National identity is not necessarily formed by what one is, but more so by what one is not. “We” are tolerant towards homosexuals, “we” are not homophobic. The confrontations between Islamic immigrants and infuriated anti-Muslim voters has fired many heated discussions. In formulating arguments as to why Islam is to looked down upon, homosexuality and female emancipation are often mentioned as highly relevant arguments. This turns tolerance towards homosexuality into a modern day justification of contempt towards those who do not adhere to these values. Furthermore, the recent influx of Eastern-European immigrants strengthens the Dutch in their view of what they are not: homophobic.
Not only are gay-rights part of the Dutch identity, this also part of Dutch policy. The Dutch embassy in Poland subsidizes activities in Poland that promote gay-rights. The Amsterdam municipality subsidizes the association Secret Garden, who promote the emancipation of homosexual Muslims. Secret Garden is seated in a prominent monument of the city, which gives all the tour guides that pass it the chance to tell visitors about how progressive the Netherlands are. Homosexuality definitely is used as a Dutch “export product”.
But are the Dutch really as tolerant as they say they are? The largest part of the cases of homophobic violence are conducted by native Dutch men. A clause in the law on equal treatment (algemene wet gelijke behandeling) still legally allows employers to fire homosexual employees due to the single-fact (enkele-feitconstructie) of being gay, as long as this single-fact is accompanied by one other fact. Homosexual youngsters in the Netherlands still have trouble coming out of the closet and have higher suicide rates. Also, I don’t think it is a coincidence that not a single professional soccer player has had the guts to come out of the closet yet. And last but not least, a song that is played in certain Dutch bars is called “if you don’t jump now, you are a homosexual” (als je nou niet springt, ben je een homofiel), which automatically instigates jumping throughout the entire bar.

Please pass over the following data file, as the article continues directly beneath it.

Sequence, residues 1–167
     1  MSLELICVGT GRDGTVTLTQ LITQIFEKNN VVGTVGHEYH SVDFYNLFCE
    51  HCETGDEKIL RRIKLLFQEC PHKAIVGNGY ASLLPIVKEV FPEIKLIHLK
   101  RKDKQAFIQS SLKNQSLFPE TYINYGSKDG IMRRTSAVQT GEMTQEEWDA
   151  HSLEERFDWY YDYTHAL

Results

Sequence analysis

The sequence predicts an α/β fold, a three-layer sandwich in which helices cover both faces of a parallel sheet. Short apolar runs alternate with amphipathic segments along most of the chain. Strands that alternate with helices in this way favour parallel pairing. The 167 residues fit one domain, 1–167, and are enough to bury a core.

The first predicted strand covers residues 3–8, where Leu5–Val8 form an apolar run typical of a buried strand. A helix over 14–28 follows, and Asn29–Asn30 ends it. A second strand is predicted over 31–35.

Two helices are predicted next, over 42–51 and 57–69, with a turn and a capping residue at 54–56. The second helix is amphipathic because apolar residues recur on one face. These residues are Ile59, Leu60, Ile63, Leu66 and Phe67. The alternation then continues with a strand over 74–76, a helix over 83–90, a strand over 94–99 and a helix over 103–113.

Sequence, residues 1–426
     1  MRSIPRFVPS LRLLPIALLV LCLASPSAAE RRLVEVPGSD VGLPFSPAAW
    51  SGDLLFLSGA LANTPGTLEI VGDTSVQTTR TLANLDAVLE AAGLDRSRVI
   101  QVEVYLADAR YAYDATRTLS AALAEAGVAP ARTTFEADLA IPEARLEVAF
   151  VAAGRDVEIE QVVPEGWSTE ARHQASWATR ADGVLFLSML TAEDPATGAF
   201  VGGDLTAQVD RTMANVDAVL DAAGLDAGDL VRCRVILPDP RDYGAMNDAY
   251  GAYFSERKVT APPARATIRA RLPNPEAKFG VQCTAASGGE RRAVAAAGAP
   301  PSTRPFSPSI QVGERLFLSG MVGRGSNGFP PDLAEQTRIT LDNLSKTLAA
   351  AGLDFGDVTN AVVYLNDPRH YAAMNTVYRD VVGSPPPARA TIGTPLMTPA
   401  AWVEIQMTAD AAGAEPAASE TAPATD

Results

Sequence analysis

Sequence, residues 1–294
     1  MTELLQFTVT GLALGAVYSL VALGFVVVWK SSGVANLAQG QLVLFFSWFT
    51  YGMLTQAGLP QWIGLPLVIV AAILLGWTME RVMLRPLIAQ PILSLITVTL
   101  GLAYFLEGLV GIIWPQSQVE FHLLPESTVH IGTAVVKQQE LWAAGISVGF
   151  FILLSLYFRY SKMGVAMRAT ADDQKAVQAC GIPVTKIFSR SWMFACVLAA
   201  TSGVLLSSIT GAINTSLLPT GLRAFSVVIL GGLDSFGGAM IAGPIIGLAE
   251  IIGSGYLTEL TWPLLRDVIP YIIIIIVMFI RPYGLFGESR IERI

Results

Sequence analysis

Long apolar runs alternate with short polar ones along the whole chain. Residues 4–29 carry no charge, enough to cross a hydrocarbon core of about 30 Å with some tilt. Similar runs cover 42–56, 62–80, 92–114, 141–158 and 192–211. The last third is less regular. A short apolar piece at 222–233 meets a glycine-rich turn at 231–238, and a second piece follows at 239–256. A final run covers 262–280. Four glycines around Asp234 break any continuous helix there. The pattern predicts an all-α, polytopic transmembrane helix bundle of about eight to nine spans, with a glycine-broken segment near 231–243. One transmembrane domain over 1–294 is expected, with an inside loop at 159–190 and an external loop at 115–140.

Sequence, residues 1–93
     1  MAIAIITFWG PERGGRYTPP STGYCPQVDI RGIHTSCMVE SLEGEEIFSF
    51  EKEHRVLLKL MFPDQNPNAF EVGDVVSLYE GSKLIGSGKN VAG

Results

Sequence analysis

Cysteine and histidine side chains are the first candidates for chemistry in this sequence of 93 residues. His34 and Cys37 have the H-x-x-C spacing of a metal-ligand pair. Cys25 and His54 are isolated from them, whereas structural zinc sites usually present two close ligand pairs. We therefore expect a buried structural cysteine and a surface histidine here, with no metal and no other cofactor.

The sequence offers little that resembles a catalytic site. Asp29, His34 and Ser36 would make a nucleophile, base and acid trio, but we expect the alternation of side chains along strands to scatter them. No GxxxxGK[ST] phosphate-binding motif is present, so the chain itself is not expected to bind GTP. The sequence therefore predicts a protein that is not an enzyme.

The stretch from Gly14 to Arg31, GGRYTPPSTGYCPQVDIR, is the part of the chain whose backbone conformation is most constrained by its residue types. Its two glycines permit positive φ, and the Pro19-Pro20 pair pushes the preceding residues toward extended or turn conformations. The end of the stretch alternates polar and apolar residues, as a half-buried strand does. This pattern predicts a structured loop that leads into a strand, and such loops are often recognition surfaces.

Moreover, calling a man gay still is the ultimate insult for the Dutch heterosexual. In light of this, couldn’t it be called somewhat hypocritical to look down on different cultures because they are not as tolerant towards homosexuals as the Dutch claim to be? The fight has definitely not been fought. There is much more to be done. Vera Bergkamp, keep up the good work. We still need to fight for gay rights and gay acceptance to be able to be truly proud.